Friday, February 4, 2011

A Review of "The Devotion of Suspect X " [8]

The Devotion of Suspect X
by Keigo Higashino
Minotaur Books, ISBN 978-0312375065
February 1, 2011, 304 pages

Recently on a Bloggiesta post at Rhapsody in Books' blog, she posted about the various subcategories of mystery and suspense books. But I forgot one it seems and this book, The Devotion of Suspect X, falls in that category. It is the "will they get away with it" category. We know who committed the crime, we how why, we sympathize with them, we may even want them to get away with it and the question taken on by the book is will they.

The murdered man, Togashi, is a nasty piece of work. When he comes to the apartment of his ex-wife Yasuko Hanaoka and his step-daughter, trying to extort money from them and physically threatening the girl, we are not terribly shocked when they end up, at least in part in self-defense, killing him. A bit more surprising is when their neighbor, a mild mannered math teacher named Tetsuya Ishigami, suspects what has just happened and offers to help them. He has a crush on the woman and decides, in an instant, to do whatever he must do to protect her from being arrested for the murder, and uses his considerable intelligence to concoct a plan.

We follow along as the police, as well as a professor named Yukawa, who is acquainted with both the lead detective as well as the math teacher, follow the clues, interview the suspects and try to figure what happened. We know what happened, right?
Well, it seems we may not know nearly as much as we think.

This is not a bad book, but I will tell you quite honestly, that I did not like it nearly as much as I thought I would, for a number of reasons.

First, I thought the translation was often quite awkward. This is not a story with much of a plot. The murder happens and then the majority of the book is taken up by conversations..the police talks to the teacher..the police talk to the ex-wife, the ex-wife talks to the teacher, the professor talks to the police detective...and the dialogue often seems stilted. Which is a major problem since it is a major part of the book and I suspect the translation is at least in part to blame.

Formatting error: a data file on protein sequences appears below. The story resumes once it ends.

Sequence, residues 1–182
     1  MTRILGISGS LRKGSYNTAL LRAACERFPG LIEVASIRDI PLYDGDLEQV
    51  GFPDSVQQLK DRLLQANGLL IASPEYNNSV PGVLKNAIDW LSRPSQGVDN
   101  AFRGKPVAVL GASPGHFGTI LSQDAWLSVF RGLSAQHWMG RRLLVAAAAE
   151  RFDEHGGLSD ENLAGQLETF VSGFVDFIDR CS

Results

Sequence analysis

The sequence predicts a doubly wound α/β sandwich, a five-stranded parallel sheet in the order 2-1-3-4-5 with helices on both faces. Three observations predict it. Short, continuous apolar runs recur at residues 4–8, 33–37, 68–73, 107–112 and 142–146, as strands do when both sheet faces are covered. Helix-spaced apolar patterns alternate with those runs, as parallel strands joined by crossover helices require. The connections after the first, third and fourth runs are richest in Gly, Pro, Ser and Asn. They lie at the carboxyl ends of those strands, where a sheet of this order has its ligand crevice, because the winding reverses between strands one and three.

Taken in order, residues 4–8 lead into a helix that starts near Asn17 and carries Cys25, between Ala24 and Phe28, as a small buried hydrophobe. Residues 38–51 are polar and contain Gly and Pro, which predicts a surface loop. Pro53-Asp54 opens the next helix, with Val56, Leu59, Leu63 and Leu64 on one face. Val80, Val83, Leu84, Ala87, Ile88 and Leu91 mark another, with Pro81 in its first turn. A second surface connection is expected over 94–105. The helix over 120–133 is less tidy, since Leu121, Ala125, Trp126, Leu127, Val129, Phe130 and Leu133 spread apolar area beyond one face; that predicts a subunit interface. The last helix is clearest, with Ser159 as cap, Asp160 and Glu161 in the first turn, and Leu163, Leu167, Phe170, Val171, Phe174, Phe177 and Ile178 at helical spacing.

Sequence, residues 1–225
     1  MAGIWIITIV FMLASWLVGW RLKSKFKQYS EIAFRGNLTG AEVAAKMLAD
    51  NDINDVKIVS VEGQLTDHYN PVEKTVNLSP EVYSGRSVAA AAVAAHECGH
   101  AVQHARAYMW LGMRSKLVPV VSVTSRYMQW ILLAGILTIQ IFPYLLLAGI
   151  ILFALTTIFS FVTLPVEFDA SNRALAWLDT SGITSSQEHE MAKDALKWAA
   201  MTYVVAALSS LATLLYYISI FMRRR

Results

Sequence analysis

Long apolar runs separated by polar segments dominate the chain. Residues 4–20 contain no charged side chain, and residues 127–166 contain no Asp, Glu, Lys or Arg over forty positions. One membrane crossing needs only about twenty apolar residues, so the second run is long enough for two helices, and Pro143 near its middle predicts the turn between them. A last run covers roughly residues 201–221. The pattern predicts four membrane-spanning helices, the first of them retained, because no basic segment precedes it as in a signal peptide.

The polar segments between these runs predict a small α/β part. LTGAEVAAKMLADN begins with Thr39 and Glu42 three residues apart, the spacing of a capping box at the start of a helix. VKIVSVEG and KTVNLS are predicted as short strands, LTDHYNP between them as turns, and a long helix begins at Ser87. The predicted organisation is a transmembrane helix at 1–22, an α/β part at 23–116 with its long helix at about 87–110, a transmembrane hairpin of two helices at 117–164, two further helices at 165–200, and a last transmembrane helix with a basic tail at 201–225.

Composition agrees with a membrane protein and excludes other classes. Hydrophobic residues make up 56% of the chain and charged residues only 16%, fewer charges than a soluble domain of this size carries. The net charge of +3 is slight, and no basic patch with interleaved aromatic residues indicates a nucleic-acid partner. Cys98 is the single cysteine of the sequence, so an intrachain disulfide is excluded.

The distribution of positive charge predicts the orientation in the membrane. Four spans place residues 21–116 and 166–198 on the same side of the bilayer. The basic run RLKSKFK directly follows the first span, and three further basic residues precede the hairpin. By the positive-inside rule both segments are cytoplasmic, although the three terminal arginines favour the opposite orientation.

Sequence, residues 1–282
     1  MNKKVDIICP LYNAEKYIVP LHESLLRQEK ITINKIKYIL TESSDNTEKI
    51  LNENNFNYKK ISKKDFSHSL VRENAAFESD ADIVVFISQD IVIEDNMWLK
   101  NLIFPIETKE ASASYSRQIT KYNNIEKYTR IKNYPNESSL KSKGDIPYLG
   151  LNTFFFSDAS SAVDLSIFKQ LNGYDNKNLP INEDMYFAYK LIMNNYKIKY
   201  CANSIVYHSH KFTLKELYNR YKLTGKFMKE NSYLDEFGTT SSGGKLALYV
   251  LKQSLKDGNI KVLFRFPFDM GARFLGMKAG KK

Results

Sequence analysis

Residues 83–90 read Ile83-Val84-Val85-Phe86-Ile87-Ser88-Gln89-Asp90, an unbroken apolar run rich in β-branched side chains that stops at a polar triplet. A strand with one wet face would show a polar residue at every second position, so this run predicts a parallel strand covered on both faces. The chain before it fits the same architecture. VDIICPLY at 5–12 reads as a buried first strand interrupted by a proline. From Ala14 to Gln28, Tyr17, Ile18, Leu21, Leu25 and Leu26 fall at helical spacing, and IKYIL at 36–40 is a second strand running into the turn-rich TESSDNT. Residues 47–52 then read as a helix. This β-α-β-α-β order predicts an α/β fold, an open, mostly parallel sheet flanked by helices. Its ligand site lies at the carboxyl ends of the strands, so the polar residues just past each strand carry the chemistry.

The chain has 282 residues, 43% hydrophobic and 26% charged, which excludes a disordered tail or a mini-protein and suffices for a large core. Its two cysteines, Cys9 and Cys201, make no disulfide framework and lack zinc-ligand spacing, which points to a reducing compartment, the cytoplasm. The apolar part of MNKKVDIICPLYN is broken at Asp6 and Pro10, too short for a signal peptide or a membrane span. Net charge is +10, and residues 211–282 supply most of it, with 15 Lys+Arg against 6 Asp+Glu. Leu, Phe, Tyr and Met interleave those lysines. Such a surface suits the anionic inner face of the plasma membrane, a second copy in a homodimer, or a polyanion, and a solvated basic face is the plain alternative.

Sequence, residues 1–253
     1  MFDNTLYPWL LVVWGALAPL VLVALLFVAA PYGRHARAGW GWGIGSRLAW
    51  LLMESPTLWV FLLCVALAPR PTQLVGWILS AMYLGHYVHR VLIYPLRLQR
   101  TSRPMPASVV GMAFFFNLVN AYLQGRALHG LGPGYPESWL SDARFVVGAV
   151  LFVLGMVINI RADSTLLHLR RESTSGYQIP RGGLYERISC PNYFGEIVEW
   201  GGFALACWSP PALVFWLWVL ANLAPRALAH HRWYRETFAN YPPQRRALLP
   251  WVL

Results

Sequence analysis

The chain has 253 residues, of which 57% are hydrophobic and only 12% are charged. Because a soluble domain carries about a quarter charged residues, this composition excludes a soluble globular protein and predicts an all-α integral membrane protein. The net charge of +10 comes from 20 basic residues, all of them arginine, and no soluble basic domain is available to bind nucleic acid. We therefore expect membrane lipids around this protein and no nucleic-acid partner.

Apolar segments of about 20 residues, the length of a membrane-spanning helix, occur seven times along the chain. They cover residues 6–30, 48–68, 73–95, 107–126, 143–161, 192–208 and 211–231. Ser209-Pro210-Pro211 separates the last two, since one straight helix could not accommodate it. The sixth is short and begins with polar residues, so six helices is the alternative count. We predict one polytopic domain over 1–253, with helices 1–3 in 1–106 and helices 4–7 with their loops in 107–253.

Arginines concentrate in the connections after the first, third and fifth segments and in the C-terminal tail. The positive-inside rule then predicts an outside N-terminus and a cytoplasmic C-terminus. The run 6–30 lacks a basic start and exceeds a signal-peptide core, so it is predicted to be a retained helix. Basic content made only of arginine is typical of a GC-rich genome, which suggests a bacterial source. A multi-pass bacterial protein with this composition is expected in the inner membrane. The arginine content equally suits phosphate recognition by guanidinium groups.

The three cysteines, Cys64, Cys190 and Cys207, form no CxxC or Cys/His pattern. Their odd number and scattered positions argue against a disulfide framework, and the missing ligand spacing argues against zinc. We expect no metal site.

Also, we never really get to know any of the characters, what they think, what they feel. In part, we see why that is at the end of the book, when we find out a rather major deception that we have been led to believe, but it does really leave us with a character to identify with. Oddly, as I only discovered after I had finished the book, this is part of a series in Japan, starring Professor Yukawa. Yet we don't even seem to get to know much about him or feel able to identify with him, which I suspect we should if he is at the center of a series. Also, the book is set in a Japanese city, which I thought would be really interesting. But I never really got a sense of the place the book is set in, which is a real shame.

I mentioned the ending...and a very good, surprising ending it was. A sort of double twist, which I would have appreciated a lot more if the journey there had been a bit more interesting. A good beginning, a great ending, but not quite enough to save this book for me.

My thanks to the publisher for providing a copy of this book to review. 


  1. I'm taking it that this is not the beginning of the Japanese series, but somewhere down the line. I don't really understand when foreign books are translated and published and are somewhere in the midst of a series. I know that is my anal retentiveness coming out, but still...that's how I get to know the characters. I'll keep this one in mind.

  2. I believe it is the third in a five book series...and yes, I have to agree. why not start with the first book if you are going to translate them?

  3. It is strange that they started the translation in the middle of a series. I wonder if the problem is in the book or the translation.

  4. "the police talks to the teacher..the police talk to the ex-wife, the ex-wife talks to the teacher, the professor talks to the police detective" . . .this sounds like the cat takes the mice, the mice takes the cheese, the cheese . . oh, well anyway. Unfortunately a good middle is as important as a good ending.Isn't this a police procedural?

  5. I like this category of mysteries. I can think of one other ... and it was one I really really liked ... that would fit in it: A Simple Plan by Scott Smith. Did you ever read it? If not, you should. I bet you would love it.

  6. I think it's intriguing that this book has a surprise ending when you start out knowing most of the issues surounding the commission of a crime. I like it when books approach a murder investigation from a different perspective. The law's the law but it's difficult not to stop and think when the victim of a crime see deserves what he gets. It seems very odd that Yukawa is more of a three-dimensional well-developed character readers can get to know especially when he's central to a series. A lot of mysteries and thrillers don't fully develop the characters which is disappointing, but usually the main detective is a fully-developed character. Maybe readers in Japan don't mind that?

    It's too bad this wasn't a better book since the premise is interesting and the end quite good.
    Thank you for very good review.

  7. I totally agree.
    Not about the 'good review' part, but your good


please speak up, I LOVE TO HEAR FROM YOU!!